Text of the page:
Feature: Thinking differently is way to cope with Greek financial crisis

Source: Xinhua| 2018-08-07 19:42:52|Editor: Shi Yinglun
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By Kostas Zaligkas

ATHENS, Aug. 7 (Xinhua) -- As Greece prepares later this month to leave behind the bailout programs and the cycle of eight-year harsh austerity which helped the country avoid default, Greeks count the wounds and the lessons learnt.

For many, thinking differently has been proved an effective way to cope with wage cuts and still high unemployment rates that have brought much of the population below the limits of poverty.

According to the Hellenic Statistic Agency (ELSTAT) latest figures at the end of 2017, the unemployment rate in Greece was 21.5 percent of the active population, from 23.6 percent by the end of 2016. In the euro zone it was 9.1 percent from 10 percent in 2016.

As for youth unemployment, Greece is far higher than the EU average. At the end of last year it was 43.6 percent from 47.3 percent in 2016, while in the eurozone it fell to 18.8 percent from 20.9 percent in 2016.

The answer to the specter of unemployment and pay cuts was change of direction and thinking differently for 50-year-old George Kanellopoulos from Athens.

Kanellopoulos has worked as a journalist for 27 years, but when he saw that wages shrank and the profession devalued, he decided to change course and open his own store for the first time in his life.

"The crisis was not an opportunity as some say. But it got us out of our comfort zone and made us think differently," he told Xinhua in a recent interview.

Last year he stopped working as a journalist and followed his passion for music by opening a small record shop in Exarchia district in central Athens.

Old School Records is a place where music lovers can find at least 5,000 vinyls, mostly used. Although during the summer he is working on Paxoi Island at a friend's restaurant, Kanellopoulos told Xinhua that he is satisfied with the first year of the store and that he isn't considering returning to journalism.

"I'm not going to be rich from the vinyls, but I'm definitely in a better position financially than working as a journalist," he said.

Although he did not struggle to cover basic needs during the years of the crisis, some of his colleagues were among Greeks who queued for handouts and benefits to keep going.

According to ELSTAT's latest data, the percentage of Greeks in 2017 that could not consume basic means of subsistence such as meat and fish three times a week or could not pay rent and have adequate heating at home was 21.1 percent versus 22.4 percent in 2016. In Europe, the figure was 5.8 percent last year, the lowest of all time, and 6.6 percent in 2016.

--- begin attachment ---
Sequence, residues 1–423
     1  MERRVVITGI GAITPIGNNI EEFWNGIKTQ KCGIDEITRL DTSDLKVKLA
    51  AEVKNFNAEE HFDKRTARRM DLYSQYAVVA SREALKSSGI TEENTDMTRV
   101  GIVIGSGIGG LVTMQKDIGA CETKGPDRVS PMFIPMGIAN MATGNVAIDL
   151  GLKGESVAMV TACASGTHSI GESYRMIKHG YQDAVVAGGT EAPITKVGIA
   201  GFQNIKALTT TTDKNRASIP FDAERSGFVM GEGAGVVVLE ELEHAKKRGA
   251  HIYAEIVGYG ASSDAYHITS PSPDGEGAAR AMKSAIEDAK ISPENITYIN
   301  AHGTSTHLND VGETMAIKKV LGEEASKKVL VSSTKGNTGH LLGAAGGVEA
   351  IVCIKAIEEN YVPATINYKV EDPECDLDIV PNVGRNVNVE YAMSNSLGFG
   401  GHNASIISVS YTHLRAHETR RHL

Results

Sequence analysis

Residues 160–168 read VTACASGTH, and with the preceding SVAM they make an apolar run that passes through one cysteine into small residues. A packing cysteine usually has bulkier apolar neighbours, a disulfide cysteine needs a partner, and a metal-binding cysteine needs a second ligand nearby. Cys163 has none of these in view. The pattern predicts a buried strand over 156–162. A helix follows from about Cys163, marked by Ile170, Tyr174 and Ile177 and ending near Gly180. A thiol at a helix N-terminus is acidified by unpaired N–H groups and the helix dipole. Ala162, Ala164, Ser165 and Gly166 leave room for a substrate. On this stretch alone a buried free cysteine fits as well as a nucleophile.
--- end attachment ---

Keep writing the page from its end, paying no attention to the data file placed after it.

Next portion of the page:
Kanellopoulos weighed his skills and experiences when considering how he could overcome the crisis.

He had worked as a DJ in the evenings alongside journalism for several years. In this way he managed to make a collection of records that reached 2,500 copies. With these records, he started the shop and along the way he managed to enrich his collection by buying and selling in Greece and abroad.

People who come to his store range from 15 to 85 years old and many of his clients are tourists, as in Exarchia many apartments have been given to the Airbnb and live a lot of visitors.

"Thirty percent of our sales are to tourists who are very interested in Greek versions of various vinyls. We also do many overseas sales. I have a lot of orders for example from Australia asking for cassettes by Greek singers," Kanellopoulos told Xinhua.

He took the risk of opening his own business in times when many shops close one after another due to low consumption, heavy taxes or lack of innovative thinking, according to experts.

According to the latest figures from the Institute of Commerce and Services of the Hellenic Confederation of Commerce and Entrepreneurship, the shut down stores in Athens reached 24.9 percent in March this year. The corresponding percentage of shut down business spaces in September 2013 in Athens was 32.3 percent.

In order to avoid the padlock, Kanellopoulos thought carefully about his project.

Unlike residential rents in the district that are high, business rentals remain low in Exarchia. Many business spaces are empty and the reason is not the fear of clashes between anarchists and the police that often occur in the area.

"My store is located in an area that is forbidden to run a restaurant or a coffee shop and because Greeks usually invest in food, coffee and alcohol these last years, they end up to other neighborhoods to start their business.

"Unfortunately there is this one-sided logic and so many business spaces in Exarchia and nearby Neapolis remain empty. It is difficult to think a little different," said Kanellopoulos.